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Strasburg Feels Forearm Tightness Following 3-2 Loss To Braves

The Nationals had an opportunity to beat the Braves for the first time this season on Monday. Not only did the Nats lose their fourth straight game to their chief division rivals, but they got scary news on two of their star players. Stephen Strasburg felt forearm tightness following his start, which is never good news for a pitcher and is more concerning when that pitcher has had Tommy John surgery in his past. We certainly won't pass judgement on what's going on until we here from doctors, though. For what it's worth, after the game, Strasburg said to Amanda Comak and other reporters, "I'm not missing my next start, I'll tell you right now." Jayson Werth, who fouled a ball hard off his ankle in his eighth inning at bat, left the game and said he also felt cramping in his hamstring prior to taking the ball to the ankle.

We'll have to see what happens on the injury front from here, but let's talk about a game that the Nats had ample opportunities to win but were unable to do so. Strasburg was shaky in his first five innings, struggling command, but he still managed to get through those innings on just 80 pitches including five strikeouts and fastball velocity in the mid-to-upper 90s while giving up just two runs on six hits. The most un-Strasburg-like part of his outing was his four walks. He came out for the sixth and managed to mow down Chris Johnson, Dan Uggla, and B.J. Upton on 13 pitches, all swinging strikeouts. His final four pitches of the game to B.J. Upton were all fastballs clocked at 96, 96, 97, 97, respectively. Not bad at all.

The Nationals got on the board early after Justin Upton scored in the first inning to give the Braves the early 1-0 lead. In the second, Adam LaRoche got of his 0-for-26 slump with an opposite field single over shortstop Andrelton Simmons head. The usually unemotional first baseman couldn't help but crack a smile as he stood on first base. Ian Desmond then lined a single to right, and Chad Tracy hit a grounder through the right side of the infield scoring LaRoche from second. Kurt Suzuki then pulled one through the left side of the infield to score Desmond, putting the Nats on top 2-1.

The Nats offense stopped there, unfortunately, but not for lack of opportunities. The Nats logged 10 hits and a walk throughout the game, but they stranded six runners on base, and were just 2-for-9 with runners in scoring position. Situational hitting was an issue for the Nats early in 2012, to, but this was a frustrating one to watch, especially when you saw the way Strasburg was battling despite not having his best stuff.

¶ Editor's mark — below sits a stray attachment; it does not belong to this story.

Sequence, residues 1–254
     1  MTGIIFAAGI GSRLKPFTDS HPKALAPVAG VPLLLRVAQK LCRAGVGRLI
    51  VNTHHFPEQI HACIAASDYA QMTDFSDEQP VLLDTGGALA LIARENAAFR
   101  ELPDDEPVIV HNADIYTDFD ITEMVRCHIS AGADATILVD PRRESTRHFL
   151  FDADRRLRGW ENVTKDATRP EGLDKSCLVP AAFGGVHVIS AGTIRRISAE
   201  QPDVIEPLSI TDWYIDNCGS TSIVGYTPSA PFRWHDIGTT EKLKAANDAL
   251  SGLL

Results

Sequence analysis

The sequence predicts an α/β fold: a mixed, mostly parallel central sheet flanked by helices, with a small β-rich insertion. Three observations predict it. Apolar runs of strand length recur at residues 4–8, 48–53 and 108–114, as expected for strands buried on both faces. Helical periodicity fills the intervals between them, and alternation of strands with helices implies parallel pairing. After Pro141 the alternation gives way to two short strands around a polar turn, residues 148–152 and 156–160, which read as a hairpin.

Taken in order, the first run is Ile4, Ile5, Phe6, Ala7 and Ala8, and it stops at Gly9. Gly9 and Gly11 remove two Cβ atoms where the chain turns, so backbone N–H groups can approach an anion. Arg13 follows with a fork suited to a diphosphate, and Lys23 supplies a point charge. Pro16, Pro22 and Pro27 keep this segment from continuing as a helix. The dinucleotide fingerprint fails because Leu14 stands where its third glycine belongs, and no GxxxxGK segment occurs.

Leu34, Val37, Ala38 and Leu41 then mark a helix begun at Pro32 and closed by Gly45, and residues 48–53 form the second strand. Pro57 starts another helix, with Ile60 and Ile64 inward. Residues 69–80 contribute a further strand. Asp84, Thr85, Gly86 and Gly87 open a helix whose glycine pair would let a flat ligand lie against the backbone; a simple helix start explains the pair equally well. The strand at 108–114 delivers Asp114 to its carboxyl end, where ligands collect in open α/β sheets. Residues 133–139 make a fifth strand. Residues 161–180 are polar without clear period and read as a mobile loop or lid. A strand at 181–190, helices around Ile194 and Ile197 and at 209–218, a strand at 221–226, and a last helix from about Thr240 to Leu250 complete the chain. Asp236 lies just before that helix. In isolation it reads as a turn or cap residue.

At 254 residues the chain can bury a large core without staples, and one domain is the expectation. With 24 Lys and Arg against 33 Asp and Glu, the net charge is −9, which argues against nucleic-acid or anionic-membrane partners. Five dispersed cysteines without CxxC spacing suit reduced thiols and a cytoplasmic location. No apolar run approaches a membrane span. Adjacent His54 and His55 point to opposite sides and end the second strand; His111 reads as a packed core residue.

Tyler Clippard entered the game in the seventh, surrendering yet another walk that lead to the eventual game winning run scored by Freddie Freeman on a Gerald Laird single.

Some thoughts:

- Is it possible the lofty expectations for Stephen Strasburg have gotten us so spoiled that when Strasburg throws six innings in fewer than 100 pitches, gives up just two runs on six hits, and strikes out eight that we're concerned about his command? Strasburg still has a 3.13 ERA on the season, and while his four walks were not typical, he still managed to pitch with great results. Isn't that exactly what your ace is supposed to do?

- Tyler Clippard has been among the Nats most inconsistent relievers this season, some days he looks dominant with a changeup that hitters simply can't figure out, throwing it well off of his fastball. Others, like in this loss to the Braves, he cannot get his pitches down in the zone. Of the 19 pitches he threw in the seventh, I cannot remember one that was a strike that was down in the zone. We'll have more about this on the site soon.

- Drew Storen had what may have been the best outing of his season in the eighth inning. He breezed through the inning on nine pitches, recording two strikeouts, and not allowing a base runner. Storen has been inconsistent, too, which Davey Johnson has lamented about the back end of his bullpen. Hopefully, this is the final step in the right direction for Storen.

About Joe Drugan

Managing editor of The Nats Blog and co-host of the Nats Talk On The Go podcast.

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